JNUSU Submits Memo To UGC Chairman, Demands To Uphold Autonomy Of JNU
The Jawaharlal Nehru University Student's Union (JNUSU) today submitted a memo to the Chairman of University Grants Commission (UGC) against the seat cut in MPhil and PhD programs for the academic session 2017-18. The memo elaborates on the reasons why the seat cut must be revoked and says that the adherence to UGC guideline will be detrimental to JNU's autonomy and will be a massive blow to the University's socially inclusive admission policy which has evolved through years.
The memo said that first and foremost the seat cut has resulted in no admission in research programs in major centers such as Political Science, History, Center for Indian Languages and several other schools in this academic session.
Secondly, the seat cut is a direct violation of the 93rd Constitution Amendment which mandated expansion of seats for implementing OBC reservation during 2008-11. The memo says, "So, it would be a gross violation of the constitution and CEI Act 2006 if M.Phil./Ph.D. seats are reduced in the name of adhering to some specified number of "supervisor/research student" ratio of the UGC notification. We believe, UGC should ensure "supervisor/research student" ratio by expanding faculty recruitment in the universities and not through reduction in student intake."
The memo further says that JNU is one of the very few universities left in India which allows students from remote areas and marginalized background access to quality research programs. Instead of using the UGC notice to justify the decreasing of the number of seats in research programs, shouldn't there be a focus on filling up teaching vacancies in the university and expanding faculty strength, asks the memo.
The memo also says that the removal of JNU's unique and decade old deprivation point system is also unjustified.
Further the memo says that the UGC notification says that the written exam conducted for admission to research programs will be qualifying in nature. But this is being interpreted by the JNU Vice Chancellor to mean that the written exam will be a mere qualifier and that final selection will be based only on Viva, raising viva weightage in admissions to 100 percent. There has been a change in the minimum percent required in the written test for a student to be called for viva-voce for M.Phil. admission. Earlier it was 35% for unreserved categories, 31.5% for OBCs and 25% for SC/ST/PH out of 70, but now it has been raised to 50% for everyone which is nothing else but arbitrary.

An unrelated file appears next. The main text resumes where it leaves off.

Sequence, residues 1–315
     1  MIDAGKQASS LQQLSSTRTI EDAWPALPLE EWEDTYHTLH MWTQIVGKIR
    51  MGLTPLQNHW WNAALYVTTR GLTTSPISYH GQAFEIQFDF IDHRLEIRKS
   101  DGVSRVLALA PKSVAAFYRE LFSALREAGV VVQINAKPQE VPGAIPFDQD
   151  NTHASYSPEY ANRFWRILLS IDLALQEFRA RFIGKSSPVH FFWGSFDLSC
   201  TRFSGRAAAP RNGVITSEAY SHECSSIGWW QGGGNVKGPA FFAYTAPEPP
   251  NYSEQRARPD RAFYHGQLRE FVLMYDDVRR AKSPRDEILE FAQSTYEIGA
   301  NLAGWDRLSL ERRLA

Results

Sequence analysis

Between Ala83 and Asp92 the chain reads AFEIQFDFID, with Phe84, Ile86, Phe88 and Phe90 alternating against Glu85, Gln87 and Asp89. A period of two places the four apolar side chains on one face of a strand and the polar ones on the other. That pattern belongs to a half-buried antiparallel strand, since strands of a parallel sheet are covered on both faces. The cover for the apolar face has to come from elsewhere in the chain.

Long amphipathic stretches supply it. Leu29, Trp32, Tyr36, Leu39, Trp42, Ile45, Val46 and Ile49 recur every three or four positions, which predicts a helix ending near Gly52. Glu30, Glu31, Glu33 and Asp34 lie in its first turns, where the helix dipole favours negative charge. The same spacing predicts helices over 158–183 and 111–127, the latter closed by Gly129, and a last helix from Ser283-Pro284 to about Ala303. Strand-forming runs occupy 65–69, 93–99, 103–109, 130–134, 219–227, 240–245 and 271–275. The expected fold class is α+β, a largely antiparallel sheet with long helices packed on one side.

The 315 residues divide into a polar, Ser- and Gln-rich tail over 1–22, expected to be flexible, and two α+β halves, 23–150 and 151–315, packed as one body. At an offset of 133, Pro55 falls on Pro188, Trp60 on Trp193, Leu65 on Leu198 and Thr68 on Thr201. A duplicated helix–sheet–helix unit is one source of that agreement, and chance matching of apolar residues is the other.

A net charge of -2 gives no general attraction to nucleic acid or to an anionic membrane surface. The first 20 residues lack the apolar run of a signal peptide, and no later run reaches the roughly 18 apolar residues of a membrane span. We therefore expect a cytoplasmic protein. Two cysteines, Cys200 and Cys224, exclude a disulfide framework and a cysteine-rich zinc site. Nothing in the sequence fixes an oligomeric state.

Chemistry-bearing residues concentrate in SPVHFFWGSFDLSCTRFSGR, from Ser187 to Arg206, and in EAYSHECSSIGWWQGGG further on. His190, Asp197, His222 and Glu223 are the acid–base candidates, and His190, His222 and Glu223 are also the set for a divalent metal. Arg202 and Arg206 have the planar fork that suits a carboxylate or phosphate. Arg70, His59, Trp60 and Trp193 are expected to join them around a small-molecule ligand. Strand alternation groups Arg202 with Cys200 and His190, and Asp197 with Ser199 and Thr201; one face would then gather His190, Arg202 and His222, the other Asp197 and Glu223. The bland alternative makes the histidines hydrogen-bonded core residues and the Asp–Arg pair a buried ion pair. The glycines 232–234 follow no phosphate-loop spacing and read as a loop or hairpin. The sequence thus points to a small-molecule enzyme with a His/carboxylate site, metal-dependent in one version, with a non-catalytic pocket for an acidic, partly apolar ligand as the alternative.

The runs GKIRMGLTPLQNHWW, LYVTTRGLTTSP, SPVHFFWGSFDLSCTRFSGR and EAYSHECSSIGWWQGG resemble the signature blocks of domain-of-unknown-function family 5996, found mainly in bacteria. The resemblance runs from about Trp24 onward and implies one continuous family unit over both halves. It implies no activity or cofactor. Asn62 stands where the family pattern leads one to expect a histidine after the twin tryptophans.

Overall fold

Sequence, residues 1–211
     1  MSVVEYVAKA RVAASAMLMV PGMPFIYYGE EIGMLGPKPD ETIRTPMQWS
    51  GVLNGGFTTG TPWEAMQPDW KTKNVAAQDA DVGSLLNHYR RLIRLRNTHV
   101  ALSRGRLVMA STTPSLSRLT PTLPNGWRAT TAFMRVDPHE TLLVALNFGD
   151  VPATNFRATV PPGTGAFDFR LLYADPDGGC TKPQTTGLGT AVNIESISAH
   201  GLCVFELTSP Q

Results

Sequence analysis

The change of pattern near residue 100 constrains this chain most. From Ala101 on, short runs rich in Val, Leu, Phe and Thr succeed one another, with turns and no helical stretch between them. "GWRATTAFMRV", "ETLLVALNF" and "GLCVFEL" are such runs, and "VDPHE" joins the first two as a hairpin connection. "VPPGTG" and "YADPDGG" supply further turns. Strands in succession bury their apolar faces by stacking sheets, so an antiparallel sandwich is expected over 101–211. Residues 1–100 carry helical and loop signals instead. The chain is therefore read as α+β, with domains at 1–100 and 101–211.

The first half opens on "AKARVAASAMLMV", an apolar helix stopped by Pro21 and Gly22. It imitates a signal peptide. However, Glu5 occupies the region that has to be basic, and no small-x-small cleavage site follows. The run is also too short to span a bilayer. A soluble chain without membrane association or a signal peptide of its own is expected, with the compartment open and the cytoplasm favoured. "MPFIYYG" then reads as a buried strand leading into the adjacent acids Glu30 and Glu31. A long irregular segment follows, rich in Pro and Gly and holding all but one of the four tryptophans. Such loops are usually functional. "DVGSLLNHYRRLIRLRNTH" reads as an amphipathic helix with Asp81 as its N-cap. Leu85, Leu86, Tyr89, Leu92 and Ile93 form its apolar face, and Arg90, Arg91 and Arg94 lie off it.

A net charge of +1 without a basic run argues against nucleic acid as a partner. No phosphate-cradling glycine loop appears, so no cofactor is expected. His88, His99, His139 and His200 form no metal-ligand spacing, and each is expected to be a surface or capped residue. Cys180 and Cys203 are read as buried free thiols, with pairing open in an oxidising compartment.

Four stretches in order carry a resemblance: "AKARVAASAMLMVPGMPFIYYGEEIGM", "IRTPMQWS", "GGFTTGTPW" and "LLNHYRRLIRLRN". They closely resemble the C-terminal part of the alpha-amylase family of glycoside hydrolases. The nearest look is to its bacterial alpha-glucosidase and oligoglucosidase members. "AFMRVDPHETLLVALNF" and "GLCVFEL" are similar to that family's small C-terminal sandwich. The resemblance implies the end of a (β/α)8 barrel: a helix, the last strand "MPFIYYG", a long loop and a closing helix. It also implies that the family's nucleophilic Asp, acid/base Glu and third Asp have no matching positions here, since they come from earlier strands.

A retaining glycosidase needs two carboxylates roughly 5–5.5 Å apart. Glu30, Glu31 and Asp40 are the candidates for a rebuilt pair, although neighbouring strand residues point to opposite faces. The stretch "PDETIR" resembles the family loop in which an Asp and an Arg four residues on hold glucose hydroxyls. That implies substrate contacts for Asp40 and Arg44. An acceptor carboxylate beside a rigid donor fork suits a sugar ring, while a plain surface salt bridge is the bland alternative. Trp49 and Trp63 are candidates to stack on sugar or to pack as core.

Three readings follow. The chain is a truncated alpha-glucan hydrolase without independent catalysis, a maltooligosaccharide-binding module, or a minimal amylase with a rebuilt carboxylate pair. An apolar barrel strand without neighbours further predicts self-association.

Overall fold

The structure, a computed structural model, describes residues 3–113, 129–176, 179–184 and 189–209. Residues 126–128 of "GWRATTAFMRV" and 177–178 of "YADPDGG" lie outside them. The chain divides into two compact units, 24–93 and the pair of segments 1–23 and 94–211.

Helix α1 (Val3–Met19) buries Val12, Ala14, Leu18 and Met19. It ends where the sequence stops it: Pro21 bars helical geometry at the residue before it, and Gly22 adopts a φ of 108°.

The memo also highlighted that the minimum percentage required in qualifying examination to apply at JNU varied between 45% to 55% for different centers which is set keeping in mind the academic diversity of JNU. However, the UGC notice says that the minimum percentage in qualifying examination should be 55% for all courses and candidates. Implementation of this rule will deprive many students from the chance of even applying at JNU.
The memo ends with a demand that JNU should be allowed to uphold its institutional autonomy and prepare a robust defence of its current MPhil/PhD admission policy along with the Nafey Committee recommendations and present it to the UGC as a model that already fulfill the principles that might have guided many of the specific technical provisions of the UGC Notification
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